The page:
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Someone asked me:

If a striped cat is the result of a white and a black cat, why the result of a white woman and a black man is not a striped child?

I know the answer. I also know that the result of a black cat and a white one is not a striped cat. But I'm looking for a simple answer. I'm looking for an explanation without a genetics background required. I'm looking for a metaphor or something similar.

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    $\begingroup$ Perhaps metaphors should be sought on English.SE. I vote to close, as the question is not about the biological underpinnings. If it were, it is closable on homework grounds. $\endgroup$ – AliceD Jun 30 '15 at 12:58
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    $\begingroup$ I disagree with the close vote - it's a biological question. Asking for a metaphor (perhaps analogy is a better word) is just asking for a laymans answer. Though if you can't explain it simply I would question whether you know the answer, and why you would want the answer to not require genetics training @Farzad... $\endgroup$ – rg255 Jun 30 '15 at 13:24
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    $\begingroup$ @rg255 - I don't like the general tone, I don't like the fluff, and it is homework as there is no proof of any effort. $\endgroup$ – AliceD Jun 30 '15 at 13:28
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    $\begingroup$ I'm not sure I really understand. "If X then why not Y?" is completely answered by "not X". A complete answer to this question is "because that's not how you get striped cats". Everything else is "simple ways of giving basic genetics information to people". $\endgroup$ – Resonating Jun 30 '15 at 13:32
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    $\begingroup$ I want an answer without genetics background required, because I want to explain it to the guy who asked me and he has no idea about genetics. I can explain it by the means of genes and alleles that the result of a pure black and a pure white cat (that's so rare) is whether a white or a black cat. But I just want to find a real-world analogue for it, and it's still science and it's still biology. @rg255 $\endgroup$ – Farzad Jun 30 '15 at 14:30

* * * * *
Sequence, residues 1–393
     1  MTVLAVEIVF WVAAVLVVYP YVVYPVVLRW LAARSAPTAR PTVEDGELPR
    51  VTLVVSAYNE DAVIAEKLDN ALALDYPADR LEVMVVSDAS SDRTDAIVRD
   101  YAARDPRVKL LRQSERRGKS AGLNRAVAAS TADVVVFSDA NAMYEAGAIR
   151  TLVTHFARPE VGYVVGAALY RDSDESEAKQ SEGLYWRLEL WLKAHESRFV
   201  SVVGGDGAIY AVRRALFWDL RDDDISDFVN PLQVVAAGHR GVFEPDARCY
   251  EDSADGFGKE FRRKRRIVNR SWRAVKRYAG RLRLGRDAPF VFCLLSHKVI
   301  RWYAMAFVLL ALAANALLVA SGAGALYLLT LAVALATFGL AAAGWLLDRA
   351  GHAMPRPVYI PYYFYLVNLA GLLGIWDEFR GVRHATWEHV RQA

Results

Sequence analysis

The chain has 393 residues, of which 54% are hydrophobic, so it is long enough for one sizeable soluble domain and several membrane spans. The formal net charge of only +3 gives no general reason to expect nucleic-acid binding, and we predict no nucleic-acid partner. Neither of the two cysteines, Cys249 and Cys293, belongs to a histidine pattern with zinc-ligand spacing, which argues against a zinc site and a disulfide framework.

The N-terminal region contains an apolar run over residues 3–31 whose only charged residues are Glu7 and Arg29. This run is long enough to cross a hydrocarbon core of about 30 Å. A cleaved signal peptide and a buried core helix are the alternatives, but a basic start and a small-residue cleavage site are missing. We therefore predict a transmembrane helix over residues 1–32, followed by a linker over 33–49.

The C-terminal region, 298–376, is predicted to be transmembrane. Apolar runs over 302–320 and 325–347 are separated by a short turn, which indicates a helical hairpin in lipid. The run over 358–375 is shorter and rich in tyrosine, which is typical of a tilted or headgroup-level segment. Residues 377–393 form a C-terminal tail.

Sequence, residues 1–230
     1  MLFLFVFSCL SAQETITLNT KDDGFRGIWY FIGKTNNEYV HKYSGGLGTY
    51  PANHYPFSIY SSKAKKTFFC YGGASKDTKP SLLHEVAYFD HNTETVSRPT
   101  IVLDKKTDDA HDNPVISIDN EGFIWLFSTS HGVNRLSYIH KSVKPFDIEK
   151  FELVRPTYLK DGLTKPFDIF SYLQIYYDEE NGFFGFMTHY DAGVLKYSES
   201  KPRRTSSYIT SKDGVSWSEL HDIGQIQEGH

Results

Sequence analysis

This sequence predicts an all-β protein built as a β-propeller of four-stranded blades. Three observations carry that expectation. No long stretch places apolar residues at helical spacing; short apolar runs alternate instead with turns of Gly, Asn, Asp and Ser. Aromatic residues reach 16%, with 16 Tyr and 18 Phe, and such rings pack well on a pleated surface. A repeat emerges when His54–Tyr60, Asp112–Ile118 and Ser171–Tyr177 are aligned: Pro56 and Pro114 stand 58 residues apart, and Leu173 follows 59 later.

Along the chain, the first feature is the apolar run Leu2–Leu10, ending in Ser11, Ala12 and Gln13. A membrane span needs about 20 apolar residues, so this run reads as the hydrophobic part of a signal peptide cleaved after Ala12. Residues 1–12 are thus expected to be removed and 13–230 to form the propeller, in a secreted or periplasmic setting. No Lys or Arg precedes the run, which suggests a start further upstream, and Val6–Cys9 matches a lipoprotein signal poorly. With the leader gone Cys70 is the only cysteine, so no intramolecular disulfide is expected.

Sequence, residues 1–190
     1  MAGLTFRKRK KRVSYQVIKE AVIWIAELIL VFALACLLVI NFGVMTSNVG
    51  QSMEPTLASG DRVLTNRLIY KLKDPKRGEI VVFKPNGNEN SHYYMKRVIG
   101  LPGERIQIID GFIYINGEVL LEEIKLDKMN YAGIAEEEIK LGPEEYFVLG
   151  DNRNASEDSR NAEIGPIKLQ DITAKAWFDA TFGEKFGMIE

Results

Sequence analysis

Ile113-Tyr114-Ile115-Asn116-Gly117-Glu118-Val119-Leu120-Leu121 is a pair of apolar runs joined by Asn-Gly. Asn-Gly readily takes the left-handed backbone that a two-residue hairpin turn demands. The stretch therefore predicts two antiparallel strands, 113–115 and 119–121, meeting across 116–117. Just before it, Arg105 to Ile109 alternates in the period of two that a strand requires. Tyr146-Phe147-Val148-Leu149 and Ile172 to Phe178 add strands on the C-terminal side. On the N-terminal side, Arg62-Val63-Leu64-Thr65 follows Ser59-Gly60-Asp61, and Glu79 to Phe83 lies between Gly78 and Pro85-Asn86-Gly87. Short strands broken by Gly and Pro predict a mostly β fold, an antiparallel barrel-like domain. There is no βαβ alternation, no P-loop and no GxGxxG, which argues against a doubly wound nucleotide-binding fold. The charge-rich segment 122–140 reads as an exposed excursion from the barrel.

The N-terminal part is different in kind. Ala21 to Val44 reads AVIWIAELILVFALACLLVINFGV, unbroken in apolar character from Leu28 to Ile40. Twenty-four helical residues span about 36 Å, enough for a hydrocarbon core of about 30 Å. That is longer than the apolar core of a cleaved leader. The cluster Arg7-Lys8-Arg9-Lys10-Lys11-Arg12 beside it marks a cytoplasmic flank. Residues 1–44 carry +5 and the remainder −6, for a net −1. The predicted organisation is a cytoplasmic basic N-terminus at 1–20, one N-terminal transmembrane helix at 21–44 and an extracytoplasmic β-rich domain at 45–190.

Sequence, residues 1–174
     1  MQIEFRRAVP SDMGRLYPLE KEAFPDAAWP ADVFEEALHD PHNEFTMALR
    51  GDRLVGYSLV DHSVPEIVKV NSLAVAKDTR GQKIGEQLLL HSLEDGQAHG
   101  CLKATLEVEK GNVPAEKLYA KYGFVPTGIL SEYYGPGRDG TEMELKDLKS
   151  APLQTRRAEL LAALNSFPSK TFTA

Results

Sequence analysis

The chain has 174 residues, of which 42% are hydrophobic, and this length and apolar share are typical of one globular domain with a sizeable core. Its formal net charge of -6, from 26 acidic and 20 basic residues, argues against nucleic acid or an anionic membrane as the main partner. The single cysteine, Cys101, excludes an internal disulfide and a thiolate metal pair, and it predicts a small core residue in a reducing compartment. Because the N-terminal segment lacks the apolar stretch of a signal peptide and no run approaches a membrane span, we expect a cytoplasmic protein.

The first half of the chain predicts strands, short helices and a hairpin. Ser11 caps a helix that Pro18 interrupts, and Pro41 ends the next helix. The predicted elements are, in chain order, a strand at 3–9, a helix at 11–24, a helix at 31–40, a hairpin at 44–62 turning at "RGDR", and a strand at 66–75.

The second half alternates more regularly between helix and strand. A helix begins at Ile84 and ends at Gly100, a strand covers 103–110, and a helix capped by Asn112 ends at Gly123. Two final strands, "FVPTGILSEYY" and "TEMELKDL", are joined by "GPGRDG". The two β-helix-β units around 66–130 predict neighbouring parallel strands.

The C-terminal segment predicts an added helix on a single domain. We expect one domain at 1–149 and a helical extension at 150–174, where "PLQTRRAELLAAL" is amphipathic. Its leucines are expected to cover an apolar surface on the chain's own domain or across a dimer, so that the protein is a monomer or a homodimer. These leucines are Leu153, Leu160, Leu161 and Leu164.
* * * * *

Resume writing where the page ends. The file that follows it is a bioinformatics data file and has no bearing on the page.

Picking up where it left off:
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The reason that there are no stripes when black and white people get babies is the fact that the number of pigment cells is the same for black and white people. What is different is the amount of pigment produced, and it will be different in the kids as well (lighter than the dark parent, darker than the light parent) See references 1 and 2 for details on the melanocyte density. Skin color is a multigenic trait, so the genetic background of both parents and their effects on pigmentation come into full play here.

Besides this effect, humans do have stripes, although they are mostly not visible. They are called Blaschko's lines and look like below:

enter image description here

These develop from the migration pattern of the melanocytes (and their precursor cells) in the developing embryo. They can get visible in some rare genetic conditions or by diseases. See reference 3 for a more popular explanation and reference 4 for a review on this field.